Posted in Addiction, Children, Laws, Motherhood, Parenting - 0 Comments
A 2009 report from the Institute of Education Sciences stated that parental substance abuse was a factor in 25 percent of child maltreatment investigations. This kind of abuse was also featured in 50 to 79 percent of child welfare cases, where a child was removed from a parent’s custody and handed over to foster care. Given this prevalence, it is important to be aware of what a child’s best interests are and how the law serves these needs.
A child’s best interests
According to the Child Welfare Information Gateway, the best interests of a child refers to, “the deliberation that courts undertake when deciding what type of services, actions, and orders will best serve a child as well as who is best suited to take care of a child.”
The American Bar Association’s Section of Family Law details that uncovering parental substance abuse or addiction will most likely result in an abuse and neglect case. After a parent tests positive for drugs, other factors that are taken into account when determining the next steps in childcare-related decisions include:
- The overall nature of the substance abuse: This encompasses frequency, personal history and the type of drug being consumed
- Child-specific circumstances: This can bring attention to whether the parent’s substance abuse has impacted the offspring’s life, from academic performance to interpersonal relationships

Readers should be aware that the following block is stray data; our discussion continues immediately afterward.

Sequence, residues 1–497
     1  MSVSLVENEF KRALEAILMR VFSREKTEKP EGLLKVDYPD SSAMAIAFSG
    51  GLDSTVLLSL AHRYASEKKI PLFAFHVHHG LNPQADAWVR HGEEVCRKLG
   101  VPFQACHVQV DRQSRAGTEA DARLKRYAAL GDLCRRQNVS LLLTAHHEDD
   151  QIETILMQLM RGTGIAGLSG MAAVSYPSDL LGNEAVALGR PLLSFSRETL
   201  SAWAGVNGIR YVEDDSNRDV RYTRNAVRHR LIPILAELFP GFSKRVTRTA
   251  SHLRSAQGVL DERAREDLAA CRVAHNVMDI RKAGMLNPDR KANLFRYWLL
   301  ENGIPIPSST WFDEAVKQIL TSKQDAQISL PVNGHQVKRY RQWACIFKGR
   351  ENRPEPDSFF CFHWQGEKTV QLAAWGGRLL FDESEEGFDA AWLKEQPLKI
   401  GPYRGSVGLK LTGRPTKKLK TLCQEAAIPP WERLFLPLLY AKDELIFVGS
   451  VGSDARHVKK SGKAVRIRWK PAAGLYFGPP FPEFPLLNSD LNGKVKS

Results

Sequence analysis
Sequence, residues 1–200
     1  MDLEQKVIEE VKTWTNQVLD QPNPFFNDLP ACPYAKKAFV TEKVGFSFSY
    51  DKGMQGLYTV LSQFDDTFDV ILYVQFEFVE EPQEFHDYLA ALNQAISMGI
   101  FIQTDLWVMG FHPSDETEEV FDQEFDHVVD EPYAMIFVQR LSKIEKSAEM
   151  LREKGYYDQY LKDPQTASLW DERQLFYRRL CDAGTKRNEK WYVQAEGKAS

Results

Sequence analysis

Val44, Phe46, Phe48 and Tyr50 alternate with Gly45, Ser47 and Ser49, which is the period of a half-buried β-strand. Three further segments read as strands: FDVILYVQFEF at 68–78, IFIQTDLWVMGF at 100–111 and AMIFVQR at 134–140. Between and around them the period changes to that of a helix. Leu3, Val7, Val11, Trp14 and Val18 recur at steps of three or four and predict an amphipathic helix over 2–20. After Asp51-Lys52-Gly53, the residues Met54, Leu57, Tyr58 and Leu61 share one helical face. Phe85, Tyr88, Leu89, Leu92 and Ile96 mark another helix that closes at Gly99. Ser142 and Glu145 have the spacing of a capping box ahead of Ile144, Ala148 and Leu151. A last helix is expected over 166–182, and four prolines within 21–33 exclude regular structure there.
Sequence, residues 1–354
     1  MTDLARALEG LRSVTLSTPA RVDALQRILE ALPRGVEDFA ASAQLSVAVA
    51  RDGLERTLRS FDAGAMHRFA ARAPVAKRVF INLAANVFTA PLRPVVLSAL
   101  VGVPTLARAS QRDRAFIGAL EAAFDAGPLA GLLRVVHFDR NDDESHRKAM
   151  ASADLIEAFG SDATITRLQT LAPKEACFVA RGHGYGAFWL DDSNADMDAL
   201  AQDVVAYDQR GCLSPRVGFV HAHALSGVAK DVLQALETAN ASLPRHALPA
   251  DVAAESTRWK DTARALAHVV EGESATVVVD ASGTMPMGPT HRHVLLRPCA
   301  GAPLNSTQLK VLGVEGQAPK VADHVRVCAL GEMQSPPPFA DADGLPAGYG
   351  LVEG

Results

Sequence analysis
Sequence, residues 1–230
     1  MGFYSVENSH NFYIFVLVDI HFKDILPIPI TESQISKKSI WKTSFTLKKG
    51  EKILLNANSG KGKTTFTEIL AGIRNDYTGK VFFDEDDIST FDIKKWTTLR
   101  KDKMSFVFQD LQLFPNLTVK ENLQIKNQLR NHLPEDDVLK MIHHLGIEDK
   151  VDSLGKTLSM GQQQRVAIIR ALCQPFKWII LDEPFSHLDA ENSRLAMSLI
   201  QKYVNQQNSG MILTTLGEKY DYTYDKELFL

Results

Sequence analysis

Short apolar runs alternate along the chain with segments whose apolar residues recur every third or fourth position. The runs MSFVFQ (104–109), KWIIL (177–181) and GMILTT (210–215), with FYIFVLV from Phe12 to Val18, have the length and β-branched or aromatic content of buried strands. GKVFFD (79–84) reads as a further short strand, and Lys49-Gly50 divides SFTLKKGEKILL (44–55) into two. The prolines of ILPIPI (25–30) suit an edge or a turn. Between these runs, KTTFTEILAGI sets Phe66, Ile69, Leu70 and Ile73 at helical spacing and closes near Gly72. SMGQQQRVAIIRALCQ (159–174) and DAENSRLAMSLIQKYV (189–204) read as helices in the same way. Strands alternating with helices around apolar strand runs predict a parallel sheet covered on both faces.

- The parent-child relationship: If a parent sees the child on a regular basis while not on any substances, it can help his or her case. The parent’s odds become more favorable if the child is old enough and prefers spending time with that parent
- Factors that affect parenting capacity: This can include the stability of the parent’s living situation, his or her employment history and the supportive resources available
- Alternative options: If other significant behavioral health factors exist in the other parent, other care or custody options will also be considered
Completing treatment makes a motherly difference
One of the biggest hurdles to overcome for mothers with a substance use disorder is finishing treatment. The completion rate of rehabilitation programs is generally low among substance-abusing mothers within the child welfare system, with only 25 percent satisfying all of their treatment requirements.
For mothers who do not demonstrate an ability to resolve their substance-abuse, research from the University of Washington discovered that substance-abusing mothers who had a child removed from their care had a three times higher likelihood to experience a subsequent alcohol or drug-exposed birth. Overall, a mother’s abuse does not seem to end by itself after losing a child. The only viable solution is treatment.
In order to begin the process to regain custody after rehabilitation,a mother must prove that she has completed a licensed treatment program, is adhering to recovery and is currently sober.Sovereign Health of Arizona can help accomplish this goal and protect the health of both the parent and the child. If you or a mother in your life is in need of a recovery plan, contact us online or through our 24/7 helpline for information on how we can help.
Written by Lee Yates, Sovereign Health Group writer
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